The rural rights of way in England often cut through fields and meadows, and are usually just a gap in the crops to indicate where to walk (see bottom left of photograph above for example). From the lanes it looks as though you are just standing in the middle of a crop. So… I have taken to assuming various scarecrow poses and
freezing whenever I hear a vehicle approaching. It’s great fun because sometimes I can see the vehicle swerve wildly when they see me suddenly wave, change pose or start to walk towards them with that certain dead-eyed zombie/killer/nutcase expression on my face and arms outstretched. It helps that I dress like a tramp and often have straw tucked where straw ought not to be.
This morning’s walk was taken at six a.m. of the o’sundial when the day was still confused and not properly begun in meteorological terms. The only sentient life I met was the trees and the sheep. Sometimes on a walk I plot (storylines, not so much revolutions) and sometimes I just disengage the old brain-gland and simply gawp at the clouds and the sheer rolling brilliance of England.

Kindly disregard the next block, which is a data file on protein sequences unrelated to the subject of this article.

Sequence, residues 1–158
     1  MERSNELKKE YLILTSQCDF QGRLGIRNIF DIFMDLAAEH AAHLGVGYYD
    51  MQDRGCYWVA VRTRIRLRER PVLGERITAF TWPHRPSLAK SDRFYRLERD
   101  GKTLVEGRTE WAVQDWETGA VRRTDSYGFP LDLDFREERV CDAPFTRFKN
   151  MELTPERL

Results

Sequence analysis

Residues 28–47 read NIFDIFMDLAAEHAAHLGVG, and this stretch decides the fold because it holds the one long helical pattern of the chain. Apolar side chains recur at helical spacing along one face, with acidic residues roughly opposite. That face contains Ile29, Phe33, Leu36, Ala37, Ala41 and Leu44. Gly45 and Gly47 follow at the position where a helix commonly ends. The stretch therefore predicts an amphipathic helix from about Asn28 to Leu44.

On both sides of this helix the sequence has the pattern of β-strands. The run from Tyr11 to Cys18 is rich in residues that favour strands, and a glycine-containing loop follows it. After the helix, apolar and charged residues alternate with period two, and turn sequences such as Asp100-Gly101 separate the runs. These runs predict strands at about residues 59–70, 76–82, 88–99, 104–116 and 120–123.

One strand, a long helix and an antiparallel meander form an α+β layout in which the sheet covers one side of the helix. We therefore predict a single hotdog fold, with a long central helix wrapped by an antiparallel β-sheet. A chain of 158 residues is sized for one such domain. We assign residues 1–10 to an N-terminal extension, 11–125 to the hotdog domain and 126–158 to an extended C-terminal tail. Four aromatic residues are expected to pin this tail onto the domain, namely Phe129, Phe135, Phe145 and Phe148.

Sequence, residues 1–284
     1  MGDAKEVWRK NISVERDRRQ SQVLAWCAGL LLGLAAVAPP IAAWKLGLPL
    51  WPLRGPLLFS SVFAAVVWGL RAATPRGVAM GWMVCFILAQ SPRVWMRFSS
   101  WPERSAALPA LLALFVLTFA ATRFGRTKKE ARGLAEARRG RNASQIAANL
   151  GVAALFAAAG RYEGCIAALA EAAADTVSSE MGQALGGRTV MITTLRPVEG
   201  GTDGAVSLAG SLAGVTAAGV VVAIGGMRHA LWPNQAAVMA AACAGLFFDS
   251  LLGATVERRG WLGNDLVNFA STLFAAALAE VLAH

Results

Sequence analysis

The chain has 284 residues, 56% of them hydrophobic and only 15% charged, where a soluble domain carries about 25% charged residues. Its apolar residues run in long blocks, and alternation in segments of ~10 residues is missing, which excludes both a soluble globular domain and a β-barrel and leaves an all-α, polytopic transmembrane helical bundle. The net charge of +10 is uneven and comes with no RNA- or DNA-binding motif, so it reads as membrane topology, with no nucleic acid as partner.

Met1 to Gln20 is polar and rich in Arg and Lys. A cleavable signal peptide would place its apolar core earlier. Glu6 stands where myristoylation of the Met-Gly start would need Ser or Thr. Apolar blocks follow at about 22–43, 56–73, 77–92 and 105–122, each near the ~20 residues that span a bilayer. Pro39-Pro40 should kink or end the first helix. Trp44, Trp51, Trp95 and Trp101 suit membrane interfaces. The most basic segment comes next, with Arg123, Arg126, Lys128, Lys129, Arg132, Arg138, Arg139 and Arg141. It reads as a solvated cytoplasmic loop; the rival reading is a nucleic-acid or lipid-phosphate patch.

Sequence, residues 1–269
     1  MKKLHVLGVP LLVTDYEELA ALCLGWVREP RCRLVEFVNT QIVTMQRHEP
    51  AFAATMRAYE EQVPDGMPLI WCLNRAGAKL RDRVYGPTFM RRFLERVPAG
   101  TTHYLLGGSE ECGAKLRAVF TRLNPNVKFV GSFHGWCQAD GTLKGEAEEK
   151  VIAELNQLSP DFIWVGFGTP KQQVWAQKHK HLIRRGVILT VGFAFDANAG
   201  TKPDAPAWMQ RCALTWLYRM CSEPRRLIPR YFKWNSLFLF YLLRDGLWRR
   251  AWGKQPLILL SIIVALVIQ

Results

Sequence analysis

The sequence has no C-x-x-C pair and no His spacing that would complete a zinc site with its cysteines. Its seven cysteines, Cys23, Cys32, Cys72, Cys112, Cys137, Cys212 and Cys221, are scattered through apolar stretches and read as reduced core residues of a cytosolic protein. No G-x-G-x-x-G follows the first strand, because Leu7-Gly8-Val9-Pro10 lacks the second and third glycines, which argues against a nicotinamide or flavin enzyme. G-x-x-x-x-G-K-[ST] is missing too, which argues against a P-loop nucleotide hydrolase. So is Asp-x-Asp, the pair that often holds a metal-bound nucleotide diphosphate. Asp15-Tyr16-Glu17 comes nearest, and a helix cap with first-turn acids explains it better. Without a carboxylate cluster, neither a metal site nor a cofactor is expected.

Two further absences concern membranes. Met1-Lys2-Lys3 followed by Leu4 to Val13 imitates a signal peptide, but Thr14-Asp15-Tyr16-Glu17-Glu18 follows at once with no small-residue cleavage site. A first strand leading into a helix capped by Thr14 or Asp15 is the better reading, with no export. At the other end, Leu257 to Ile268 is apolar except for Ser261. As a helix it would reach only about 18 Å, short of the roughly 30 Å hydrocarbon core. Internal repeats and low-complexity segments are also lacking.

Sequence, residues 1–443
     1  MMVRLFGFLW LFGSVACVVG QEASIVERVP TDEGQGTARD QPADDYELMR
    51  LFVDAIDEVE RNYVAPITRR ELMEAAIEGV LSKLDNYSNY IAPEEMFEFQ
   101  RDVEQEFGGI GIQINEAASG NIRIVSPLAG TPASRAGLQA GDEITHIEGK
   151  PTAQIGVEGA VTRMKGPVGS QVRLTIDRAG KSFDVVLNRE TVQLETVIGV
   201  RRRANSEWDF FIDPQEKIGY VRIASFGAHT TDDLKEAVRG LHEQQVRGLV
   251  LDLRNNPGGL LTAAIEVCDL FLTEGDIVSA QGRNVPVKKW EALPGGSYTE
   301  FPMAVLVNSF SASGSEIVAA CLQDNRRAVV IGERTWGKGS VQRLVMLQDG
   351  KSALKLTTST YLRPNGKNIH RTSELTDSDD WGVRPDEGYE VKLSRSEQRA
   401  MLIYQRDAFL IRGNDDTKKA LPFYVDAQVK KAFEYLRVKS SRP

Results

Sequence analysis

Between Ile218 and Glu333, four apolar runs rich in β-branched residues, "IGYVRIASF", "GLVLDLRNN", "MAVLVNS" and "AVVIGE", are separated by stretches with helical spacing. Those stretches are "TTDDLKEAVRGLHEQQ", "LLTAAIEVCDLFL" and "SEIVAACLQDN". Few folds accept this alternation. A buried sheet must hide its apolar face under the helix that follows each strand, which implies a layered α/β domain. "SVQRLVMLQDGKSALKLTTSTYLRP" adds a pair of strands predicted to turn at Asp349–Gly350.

When in the middle of nowhere in particular, with no road-traffic noise, no air-craft overhead (this area is directly under a commercial and military air-traffic route) it’s possible to forget the time altogether. Not so much what time of day, more what century or even geologic period it might be. Who stomped around the same land before me, also swearing at sparrows? Am I walking exactly in the footsteps of some black-clad Victorian, some smelly Elizabethan (the first lot; from Elizabeth One) or am I sharing a route with some European who had strolled across Doggerland before the current North Sea formed? Time is the only dimension separating us all. A tiny blip in the fabric of time and we might bump into one another.